Barack Obama has promised to shun the special interests and their bucket loads of cash. But the reality is, as with both parties, still the same. Influence peddling, or lobby groups doing their thing on the inside of political campaigns, is here to stay, at least for the foreseeable future. The difference may be that Obama has made this a frequent issue and openly runs on change in this area.
Delegates at this week’s Democratic National Convention are greeted with an AT&T goody bag, a key "sponsor" of the event. In fact this entire event is sponsored by industries like Pepsi, Coke, Molson Coors, Anheuser-Busch, Union Pacific, as well as SEIU and other labor unions. Even Pfiser, Abbott and AARP are sponsors, along with Motorola and Ford. Denver’s budget called for raising $40 million. The local mayor has said no taxpayer money will be used and it appears he will be right. Industries will sponsor the whole week.
Corporations are banned from directly spending money on candidates, for which we can be thankful, but conventions allow them the opportunity to spend to their heart’s content. The Denver host committee has a Web site which says: "As a corporate sponsor, you will be invited to exclusive forums and special events where you will interact with our local and national government as well as business leaders from around the country." For me the whole thing sounds like major "influence peddling" on a national scale. Government watchdog groups share my skepticism.
Look, this is good marketing for the companies. They want to get their products and ideas before those who directly influence the government. Simply put, they want relationships so they can influence decision making, and this convention allows them to gain those relationships legally.
But what about Senator Obama, who casts himself as an outsider who is no friend to the lobbyists? (This plays especially well in the Democratic Party, since it wants to foster their image as a national party that it is the only party that is truly for the people and now for the big industries!) The fact is that the executive committee in Denver is made up of several registered lobbyists. The same will also be true next week when the Republicans meet in Minneapolis, demonstrating that both parties are doing business as usual. The difference, once again, is that the Democrats have created a rhetoric of change, saying the Republicans are the party of big business and that they are not.
Have you ever looked over what big business gives to these political parties and elections? Many if not most of them give to both sides. (You gotta’ cover your back side, right?) Some of them may give more to one party than to the other. There is enough criticism here to justly spread it around on both sides. We need to be honest about these simple facts.
And let’s be honest about this too: One of the positions that staunch conservatives most hate Senator McCain for was his campaign tax reform legislation, known simply as McCain-Feingold. Some even think this issue will lead to his defeat in November, since Obama will outspend him dramatically. I am of the opinion that the McCain-Feingold bill did help in some areas, but it did not change nearly enough of this kind of "influence" politics. It was so watered down by process of Congressional compromise that it had too many loopholes. If you read the real story of McCain-Feingold you will see how much both parties deeply feared it and how widely the opposition to it really was. (When both parties fear something that will change the way they operate, then I begin to think it might have merit. I guess I am just a little too skeptical.) The simple fact is this—neither party wants to clean up their act on this issue of financing and campaign reform. In this case, "The more some things change the more they stay the same!"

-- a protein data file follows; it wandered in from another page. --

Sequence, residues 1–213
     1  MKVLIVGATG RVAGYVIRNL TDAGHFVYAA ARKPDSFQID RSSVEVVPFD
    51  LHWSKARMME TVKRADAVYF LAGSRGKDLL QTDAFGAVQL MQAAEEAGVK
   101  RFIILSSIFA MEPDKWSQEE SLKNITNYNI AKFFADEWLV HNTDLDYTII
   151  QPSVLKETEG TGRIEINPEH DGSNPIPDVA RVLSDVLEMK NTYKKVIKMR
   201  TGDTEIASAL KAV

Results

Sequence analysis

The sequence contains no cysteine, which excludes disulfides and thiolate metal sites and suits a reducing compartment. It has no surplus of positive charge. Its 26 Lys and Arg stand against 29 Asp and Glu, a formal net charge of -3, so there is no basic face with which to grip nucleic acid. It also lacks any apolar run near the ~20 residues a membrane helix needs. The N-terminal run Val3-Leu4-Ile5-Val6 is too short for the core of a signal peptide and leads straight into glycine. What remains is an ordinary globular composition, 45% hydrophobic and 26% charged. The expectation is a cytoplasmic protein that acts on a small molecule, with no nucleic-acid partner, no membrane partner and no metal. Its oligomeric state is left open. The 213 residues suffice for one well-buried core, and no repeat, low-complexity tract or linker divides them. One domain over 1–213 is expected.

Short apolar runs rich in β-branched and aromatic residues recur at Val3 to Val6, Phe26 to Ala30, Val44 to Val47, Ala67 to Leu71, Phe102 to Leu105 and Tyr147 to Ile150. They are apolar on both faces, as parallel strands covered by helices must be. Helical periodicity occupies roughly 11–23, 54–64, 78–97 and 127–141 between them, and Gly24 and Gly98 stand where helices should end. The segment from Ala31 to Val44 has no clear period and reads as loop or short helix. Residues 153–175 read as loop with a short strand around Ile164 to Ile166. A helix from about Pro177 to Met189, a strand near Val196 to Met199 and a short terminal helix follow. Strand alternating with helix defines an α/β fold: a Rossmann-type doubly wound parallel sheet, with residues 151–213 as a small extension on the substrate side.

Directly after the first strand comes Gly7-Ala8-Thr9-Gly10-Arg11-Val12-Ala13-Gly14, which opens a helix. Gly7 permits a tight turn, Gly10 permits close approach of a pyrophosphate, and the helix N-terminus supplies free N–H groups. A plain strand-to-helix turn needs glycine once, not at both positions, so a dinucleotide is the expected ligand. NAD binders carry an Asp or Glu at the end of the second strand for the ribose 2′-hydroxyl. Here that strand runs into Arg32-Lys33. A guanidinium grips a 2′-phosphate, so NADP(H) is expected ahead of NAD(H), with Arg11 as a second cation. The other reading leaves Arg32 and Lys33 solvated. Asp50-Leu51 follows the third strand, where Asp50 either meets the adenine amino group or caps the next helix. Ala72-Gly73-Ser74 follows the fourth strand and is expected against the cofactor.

This issue here is a genuine Catch-22. We want the freedom that is inherent in our political process, the freedom that allows citizens to give their money and the candidates to freely spend it. I think Obama is right to raise all the money he can and then spend it in order to seek victory. This is a free country. We have open elections and supporting candidates with our money is a time-honored freedom. But the limits put in place were intended to stop the extremely wealthy from determining political outcomes by the sheer force of their money. And the extremely wealthy are both Democrats and Republicans. Anyone who says otherwise is not paying attention. And the problem with lobbyists is that elected officials know very well who they are and what they gave to them. They are humans. This is why we call this "influence peddling." What else can we call it?
Make no mistake about this one fact. Both of the major candidates for president are connected to lobbyists and influence peddling. Take your poison. It was interesting, however, that Senator Obama was asked by Rick Warren about taking a tough stand against his own party and the one position he cited was his support for the bill that McCain worked to promote; e.g. McCain-Feingold. Senator Obama presents himself as "the outsider" who will bring change, but he is not that different than any other candidate at this point. Both Obama and McCain should be honest enough to drop this one and promote other issues where their cause is more obvious and not so removed from the facts. Neither has a perfect record here at all, not even close. McCain, in contrast, did make a good faith effort in the Senate to change some things, but that effort may have ultimately been ineffective. If you were hoping that either party would break with the past on this issue you can forget it, at least for now.